South Korean President Kim Dae-jung links hands with North Korean leader Kim Jong-il (R)during a luncheon at Baekhwawon State Guest House in Pyongyang in this June 15, 2000 file photo. [Reuters]
Seoul - North and South Korea announced Wednesday that their leaders will hold their second-ever summit this month, reprising the historic 2000 meeting that launched unprecedented reconciliation between the two longtime foes.
North Korean leader Kim Jong Il and South Korean President Roh Moo-hyun will meet Aug. 28-30 in Pyongyang, North Korea's capital, South Korean presidential security adviser Baek Jong-chun told reporters.
At the only other such North-South summit, Kim met then-South Korean President Kim Dae-jung in June 2000, also in Pyongyang.
North Korea also released a statement confirming an agreement on the summit signed Sunday between the heads of the two countries' intelligence agencies.
"The meeting between the top leaders of the North and the South will be of weighty significance in opening a new phase of peace on the Korean peninsula," the statement said, according to the North's official Korean Central News Agency.
"The second inter-Korean summit will contribute to substantially opening the era of peace and prosperity between the two Koreas," South Korea's presidential office said in a statement.
In Beijing, China hopes the forthcoming second summit would lead to "positive results," said Chinese Foreign Ministry spokesman Liu Jianchao Wednesday.
"China has always been supporting whatever benefits peace and stability of the Korean Peninsula and Northeast Asia," said Liu.
As a neighbor of the Korean Peninsula, China has been supportive of the south and north for the improvement of relationship through dialogue, he said. And it also conforms to the fundamental interest of the 70 millions people of the peninsula, and conduces to regional peace and stability.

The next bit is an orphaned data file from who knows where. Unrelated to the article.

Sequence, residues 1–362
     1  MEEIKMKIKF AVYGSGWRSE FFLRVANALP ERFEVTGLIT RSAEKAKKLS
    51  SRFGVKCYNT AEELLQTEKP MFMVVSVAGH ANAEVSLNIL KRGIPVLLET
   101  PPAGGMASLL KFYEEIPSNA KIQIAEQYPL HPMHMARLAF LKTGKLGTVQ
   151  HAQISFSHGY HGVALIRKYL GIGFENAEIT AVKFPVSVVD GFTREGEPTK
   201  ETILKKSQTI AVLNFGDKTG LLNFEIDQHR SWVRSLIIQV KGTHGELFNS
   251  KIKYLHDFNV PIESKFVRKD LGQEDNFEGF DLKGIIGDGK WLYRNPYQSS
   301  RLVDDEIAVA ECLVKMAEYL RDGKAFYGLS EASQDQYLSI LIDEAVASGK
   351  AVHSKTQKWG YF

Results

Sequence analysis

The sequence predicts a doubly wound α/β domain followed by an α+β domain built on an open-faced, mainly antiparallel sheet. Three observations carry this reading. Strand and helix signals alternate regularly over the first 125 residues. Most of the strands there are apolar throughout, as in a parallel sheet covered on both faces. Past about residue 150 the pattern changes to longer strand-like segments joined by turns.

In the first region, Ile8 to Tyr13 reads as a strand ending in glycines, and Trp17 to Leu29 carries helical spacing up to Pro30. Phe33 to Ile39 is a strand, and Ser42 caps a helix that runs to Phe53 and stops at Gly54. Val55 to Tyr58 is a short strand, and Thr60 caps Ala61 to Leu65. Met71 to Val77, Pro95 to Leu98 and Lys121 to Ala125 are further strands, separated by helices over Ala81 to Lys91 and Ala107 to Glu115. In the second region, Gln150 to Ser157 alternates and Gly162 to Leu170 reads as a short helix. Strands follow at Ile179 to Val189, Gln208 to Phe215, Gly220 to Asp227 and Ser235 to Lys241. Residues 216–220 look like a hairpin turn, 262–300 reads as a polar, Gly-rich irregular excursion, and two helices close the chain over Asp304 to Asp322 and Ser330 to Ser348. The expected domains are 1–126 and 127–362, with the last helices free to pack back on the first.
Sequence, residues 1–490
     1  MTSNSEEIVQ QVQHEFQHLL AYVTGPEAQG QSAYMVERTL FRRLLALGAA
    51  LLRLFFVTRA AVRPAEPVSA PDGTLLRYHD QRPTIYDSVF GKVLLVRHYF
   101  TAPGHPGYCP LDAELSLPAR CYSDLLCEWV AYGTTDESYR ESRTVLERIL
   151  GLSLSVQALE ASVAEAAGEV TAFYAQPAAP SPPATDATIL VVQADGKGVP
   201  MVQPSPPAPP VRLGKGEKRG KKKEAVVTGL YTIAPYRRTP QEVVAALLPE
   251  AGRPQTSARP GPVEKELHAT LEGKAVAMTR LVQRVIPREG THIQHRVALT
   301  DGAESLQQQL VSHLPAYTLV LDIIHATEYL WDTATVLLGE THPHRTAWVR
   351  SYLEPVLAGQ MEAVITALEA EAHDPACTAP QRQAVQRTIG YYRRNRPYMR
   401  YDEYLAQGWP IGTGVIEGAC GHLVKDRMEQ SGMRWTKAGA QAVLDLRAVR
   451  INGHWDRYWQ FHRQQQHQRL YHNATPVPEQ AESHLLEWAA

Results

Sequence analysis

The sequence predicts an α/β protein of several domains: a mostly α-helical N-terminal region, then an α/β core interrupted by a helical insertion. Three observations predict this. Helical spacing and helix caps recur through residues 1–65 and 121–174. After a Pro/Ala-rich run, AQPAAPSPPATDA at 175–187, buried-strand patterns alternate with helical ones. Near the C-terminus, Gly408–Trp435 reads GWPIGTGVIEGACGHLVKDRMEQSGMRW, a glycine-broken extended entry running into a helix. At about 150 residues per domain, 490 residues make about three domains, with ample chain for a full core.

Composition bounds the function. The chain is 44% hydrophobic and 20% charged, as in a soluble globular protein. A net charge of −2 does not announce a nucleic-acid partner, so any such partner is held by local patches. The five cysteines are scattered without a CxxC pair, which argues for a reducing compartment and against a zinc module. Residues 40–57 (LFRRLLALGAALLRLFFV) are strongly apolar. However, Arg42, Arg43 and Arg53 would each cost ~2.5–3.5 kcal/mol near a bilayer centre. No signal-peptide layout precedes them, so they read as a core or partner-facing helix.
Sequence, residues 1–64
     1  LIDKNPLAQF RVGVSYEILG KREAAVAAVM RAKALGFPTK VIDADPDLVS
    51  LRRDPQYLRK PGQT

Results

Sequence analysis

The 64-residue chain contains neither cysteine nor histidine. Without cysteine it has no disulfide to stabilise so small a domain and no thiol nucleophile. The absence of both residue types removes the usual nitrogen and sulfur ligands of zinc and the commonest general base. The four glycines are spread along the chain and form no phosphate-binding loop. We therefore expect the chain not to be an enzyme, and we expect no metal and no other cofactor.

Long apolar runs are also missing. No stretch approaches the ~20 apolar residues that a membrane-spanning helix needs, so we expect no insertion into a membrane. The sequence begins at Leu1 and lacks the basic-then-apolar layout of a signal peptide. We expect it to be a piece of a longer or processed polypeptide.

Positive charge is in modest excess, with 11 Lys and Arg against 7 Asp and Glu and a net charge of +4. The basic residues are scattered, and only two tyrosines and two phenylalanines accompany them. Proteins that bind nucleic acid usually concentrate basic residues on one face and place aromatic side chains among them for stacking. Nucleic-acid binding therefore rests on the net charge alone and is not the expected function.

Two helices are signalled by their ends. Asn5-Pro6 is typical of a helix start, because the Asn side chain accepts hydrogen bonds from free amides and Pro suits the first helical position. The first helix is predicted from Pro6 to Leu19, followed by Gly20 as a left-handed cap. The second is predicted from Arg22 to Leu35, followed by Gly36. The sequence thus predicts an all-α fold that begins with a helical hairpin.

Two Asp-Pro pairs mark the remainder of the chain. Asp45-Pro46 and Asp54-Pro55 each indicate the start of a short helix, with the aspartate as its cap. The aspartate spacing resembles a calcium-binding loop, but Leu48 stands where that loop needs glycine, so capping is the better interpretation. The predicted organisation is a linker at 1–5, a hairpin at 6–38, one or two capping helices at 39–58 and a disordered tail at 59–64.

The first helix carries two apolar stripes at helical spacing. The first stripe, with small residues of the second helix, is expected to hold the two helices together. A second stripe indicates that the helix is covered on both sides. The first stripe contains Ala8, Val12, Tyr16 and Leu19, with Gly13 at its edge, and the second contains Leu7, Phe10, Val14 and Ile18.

And in Washington, the State Department hailed the announcement in a statement.
"We have long welcomed and supported North-South dialogue and hope this meeting will help promote peace and security on the Korean Peninsula and fulfilling the goals of the six-party talks," it said, according to an official who read the response over the telephone. The official refused to allow their name to be used.
The two Koreas remain technically at war since the 1950-53 Korean War ended in a cease-fire, not a peace treaty, but the 2000 meeting led them to embark on economic cooperation projects and reunions of families split by their shared border -- the world's most heavily fortified.
Kim Dae-jung won a Nobel Peace Prize for his efforts to engage North Korea through his so-called sunshine policy.
At the 2000 summit, Kim Jong Il warmly greeted his South Korean counterpart on the tarmac immediately upon landing, showing a human side of the North Korean leader known for his trademark jumpsuit and sunglasses.
Kim Jong Il promised at that time to make a return visit to South Korea for a summit, but it appeared security concerns made that impossible for this month's meeting. Kim rarely travels abroad, and leaves the country solely via train.
The summit comes at a time of optimism on the peninsula as North Korea has made strides in abandoning its nuclear weapons program, including shutting down its sole operating nuclear reactor last month in exchange for oil aid. The United States and other regional powers are negotiating with North Korea on a timeline for the nation to declare all its nuclear programs and disable the facilities.
Roh has repeatedly said that he would meet with Kim at any time and any place and there has been persistent talk this year that a North-South summit was possible. The conservative opposition blasted such potential plans, however, calling them an election ploy ahead of South Korea's December presidential vote.
Roh is set to leave office in February and has seen his popularity plummet amid perceptions he has bungled handling of the economy and security policies.